Generally speaking—and presidential tweets notwithstanding—battles over government contracts tend not to play out in public. Generally you have to read through court documents to catch the drama, but not so with the case of Taser and the City of Phoenix. The city had put out for bid a contract for a pilot program for body cameras worn by police. A company called VieVu won the contract for five years and $3.6 million. But documents uncovered by the Arizona Republic show that Taser allegedly waged an unofficial campaign to get the contract. In other words, instead of going through the established and legal protest channels, it allegedly went through back channels.
According to records reviewed by The Republic, Taser tried to contact at least six top Phoenix officials after the city staff recommended that VieVu get the body-camera contract. The contacts began after VieVu won the bid in September and continued for months after city officials told the company two of those contacts disqualified it from bidding.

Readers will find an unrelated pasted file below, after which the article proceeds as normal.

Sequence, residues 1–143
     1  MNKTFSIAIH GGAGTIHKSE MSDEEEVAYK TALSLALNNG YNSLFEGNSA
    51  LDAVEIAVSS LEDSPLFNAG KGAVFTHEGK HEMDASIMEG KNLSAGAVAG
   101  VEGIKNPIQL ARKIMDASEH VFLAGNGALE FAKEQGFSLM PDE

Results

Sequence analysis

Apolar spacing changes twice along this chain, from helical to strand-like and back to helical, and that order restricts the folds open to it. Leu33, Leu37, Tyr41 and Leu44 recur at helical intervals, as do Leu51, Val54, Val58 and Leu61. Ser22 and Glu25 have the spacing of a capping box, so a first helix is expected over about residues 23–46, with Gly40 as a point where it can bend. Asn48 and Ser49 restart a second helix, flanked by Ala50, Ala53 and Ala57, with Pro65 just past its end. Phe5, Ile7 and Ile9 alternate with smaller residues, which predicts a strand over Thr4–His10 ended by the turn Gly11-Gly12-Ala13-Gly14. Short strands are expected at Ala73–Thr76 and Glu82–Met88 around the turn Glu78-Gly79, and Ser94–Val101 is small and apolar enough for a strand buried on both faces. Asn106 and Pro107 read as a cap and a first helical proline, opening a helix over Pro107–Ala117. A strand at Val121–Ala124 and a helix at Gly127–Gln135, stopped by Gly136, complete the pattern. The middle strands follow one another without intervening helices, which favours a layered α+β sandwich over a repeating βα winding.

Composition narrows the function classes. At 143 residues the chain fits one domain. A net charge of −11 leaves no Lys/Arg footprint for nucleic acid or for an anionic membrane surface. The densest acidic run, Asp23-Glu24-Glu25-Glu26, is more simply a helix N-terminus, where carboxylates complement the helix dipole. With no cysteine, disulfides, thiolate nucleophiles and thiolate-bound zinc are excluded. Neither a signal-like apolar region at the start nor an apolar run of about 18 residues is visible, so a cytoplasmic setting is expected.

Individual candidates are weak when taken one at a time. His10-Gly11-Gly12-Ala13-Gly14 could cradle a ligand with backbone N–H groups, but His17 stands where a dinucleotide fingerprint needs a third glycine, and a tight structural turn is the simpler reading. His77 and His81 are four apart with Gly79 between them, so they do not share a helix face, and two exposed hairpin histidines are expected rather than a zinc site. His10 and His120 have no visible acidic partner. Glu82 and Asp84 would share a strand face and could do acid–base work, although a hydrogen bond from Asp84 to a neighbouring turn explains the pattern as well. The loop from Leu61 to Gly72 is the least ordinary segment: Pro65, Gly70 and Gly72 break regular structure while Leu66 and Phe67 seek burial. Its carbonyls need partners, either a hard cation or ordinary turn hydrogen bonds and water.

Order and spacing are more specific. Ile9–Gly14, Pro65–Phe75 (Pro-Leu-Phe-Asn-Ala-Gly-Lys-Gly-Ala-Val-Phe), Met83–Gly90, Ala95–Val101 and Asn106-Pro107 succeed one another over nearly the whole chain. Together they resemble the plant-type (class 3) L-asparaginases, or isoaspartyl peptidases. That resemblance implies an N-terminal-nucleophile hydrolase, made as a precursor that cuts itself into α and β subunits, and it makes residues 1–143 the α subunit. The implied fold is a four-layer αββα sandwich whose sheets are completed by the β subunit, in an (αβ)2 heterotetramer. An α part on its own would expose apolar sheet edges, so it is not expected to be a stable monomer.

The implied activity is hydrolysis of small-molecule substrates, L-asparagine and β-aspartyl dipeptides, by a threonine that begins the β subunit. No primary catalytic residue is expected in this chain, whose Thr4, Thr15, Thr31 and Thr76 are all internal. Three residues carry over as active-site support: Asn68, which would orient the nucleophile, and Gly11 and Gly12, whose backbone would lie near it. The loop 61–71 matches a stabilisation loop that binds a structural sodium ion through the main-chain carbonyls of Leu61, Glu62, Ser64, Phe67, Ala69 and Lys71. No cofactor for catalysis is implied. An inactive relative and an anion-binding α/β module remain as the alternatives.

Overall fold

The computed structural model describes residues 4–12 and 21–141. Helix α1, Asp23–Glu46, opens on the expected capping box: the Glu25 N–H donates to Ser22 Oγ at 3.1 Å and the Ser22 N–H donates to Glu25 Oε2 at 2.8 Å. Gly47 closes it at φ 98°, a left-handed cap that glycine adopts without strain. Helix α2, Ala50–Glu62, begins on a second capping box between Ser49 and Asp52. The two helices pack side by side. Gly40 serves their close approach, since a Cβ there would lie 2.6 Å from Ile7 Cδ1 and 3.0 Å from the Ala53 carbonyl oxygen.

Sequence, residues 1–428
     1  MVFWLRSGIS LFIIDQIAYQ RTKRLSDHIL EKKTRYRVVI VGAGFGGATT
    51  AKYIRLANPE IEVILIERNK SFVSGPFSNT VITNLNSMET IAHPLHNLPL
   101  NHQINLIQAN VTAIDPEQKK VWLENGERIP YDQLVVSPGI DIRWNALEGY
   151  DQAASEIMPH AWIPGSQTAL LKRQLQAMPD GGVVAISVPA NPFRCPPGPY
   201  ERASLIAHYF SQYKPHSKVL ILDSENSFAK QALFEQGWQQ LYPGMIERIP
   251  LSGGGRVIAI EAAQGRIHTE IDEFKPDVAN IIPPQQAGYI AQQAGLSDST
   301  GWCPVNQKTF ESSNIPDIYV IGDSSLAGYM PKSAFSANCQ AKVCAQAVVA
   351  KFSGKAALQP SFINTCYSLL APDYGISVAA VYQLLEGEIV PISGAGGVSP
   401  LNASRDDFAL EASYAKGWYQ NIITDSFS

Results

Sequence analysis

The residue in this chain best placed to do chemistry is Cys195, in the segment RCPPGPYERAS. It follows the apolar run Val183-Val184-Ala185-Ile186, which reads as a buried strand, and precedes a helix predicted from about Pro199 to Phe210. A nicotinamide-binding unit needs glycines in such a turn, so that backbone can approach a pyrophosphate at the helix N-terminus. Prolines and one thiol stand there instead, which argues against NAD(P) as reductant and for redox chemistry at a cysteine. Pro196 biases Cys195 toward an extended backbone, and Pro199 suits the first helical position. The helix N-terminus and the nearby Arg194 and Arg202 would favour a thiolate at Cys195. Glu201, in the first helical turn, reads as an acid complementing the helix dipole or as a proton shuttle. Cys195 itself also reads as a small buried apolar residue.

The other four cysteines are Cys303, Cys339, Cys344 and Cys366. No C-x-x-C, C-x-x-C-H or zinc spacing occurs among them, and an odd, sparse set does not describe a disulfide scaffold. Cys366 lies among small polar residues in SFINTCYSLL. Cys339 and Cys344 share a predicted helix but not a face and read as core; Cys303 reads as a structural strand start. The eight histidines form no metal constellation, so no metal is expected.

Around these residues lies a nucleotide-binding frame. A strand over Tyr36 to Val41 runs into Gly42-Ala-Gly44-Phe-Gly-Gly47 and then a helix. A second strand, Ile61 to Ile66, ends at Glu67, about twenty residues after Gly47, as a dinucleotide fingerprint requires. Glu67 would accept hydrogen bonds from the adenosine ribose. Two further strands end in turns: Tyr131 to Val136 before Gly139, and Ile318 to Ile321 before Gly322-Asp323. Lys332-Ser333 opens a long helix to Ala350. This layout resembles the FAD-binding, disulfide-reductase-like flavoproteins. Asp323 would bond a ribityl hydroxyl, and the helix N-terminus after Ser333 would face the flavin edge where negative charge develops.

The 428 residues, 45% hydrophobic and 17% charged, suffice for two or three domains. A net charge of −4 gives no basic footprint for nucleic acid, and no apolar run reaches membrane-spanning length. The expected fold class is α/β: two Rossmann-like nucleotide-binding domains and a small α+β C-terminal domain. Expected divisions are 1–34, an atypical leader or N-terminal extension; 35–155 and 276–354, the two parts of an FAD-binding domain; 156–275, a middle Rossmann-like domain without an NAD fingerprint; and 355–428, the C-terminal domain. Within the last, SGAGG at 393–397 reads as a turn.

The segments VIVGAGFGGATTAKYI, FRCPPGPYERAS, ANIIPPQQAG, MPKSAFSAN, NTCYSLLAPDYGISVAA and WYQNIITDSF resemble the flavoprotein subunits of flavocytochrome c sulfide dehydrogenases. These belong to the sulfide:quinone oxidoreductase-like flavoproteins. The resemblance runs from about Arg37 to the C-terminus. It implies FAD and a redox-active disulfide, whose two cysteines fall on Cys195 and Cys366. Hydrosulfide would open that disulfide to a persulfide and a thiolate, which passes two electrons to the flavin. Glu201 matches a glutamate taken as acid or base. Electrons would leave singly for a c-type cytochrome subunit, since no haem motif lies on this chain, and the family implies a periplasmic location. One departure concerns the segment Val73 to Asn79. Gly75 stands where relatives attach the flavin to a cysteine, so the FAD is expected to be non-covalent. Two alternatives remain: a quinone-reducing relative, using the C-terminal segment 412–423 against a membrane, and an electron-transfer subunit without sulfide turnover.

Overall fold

While that’s not a good luck for the company, it’s now raising eyebrows because Phoenix has decided to re-open the competition. New police chief Jeri Williams said she simply wanted new specifications now that she was in the job: “Phoenix officials said that re-bidding the contract had nothing to do with Taser’s outreach; instead, they said, it gives a new police chief the opportunity to weigh in on a multimillion-dollar purchase.”
A VieVu spokesperson was fairly blunt about the decision: “When they lose a public process fair and square, they whine like little children and resort to threats and temper tantrums,” said John Collins, a spokesman for VieVu, in an email.
One can understand the frustration, given the money at stake and the highly unusual to re-compete a contract that was awarded four months prior. And the documents uncovered by the newspaper are telling a fairly grim story.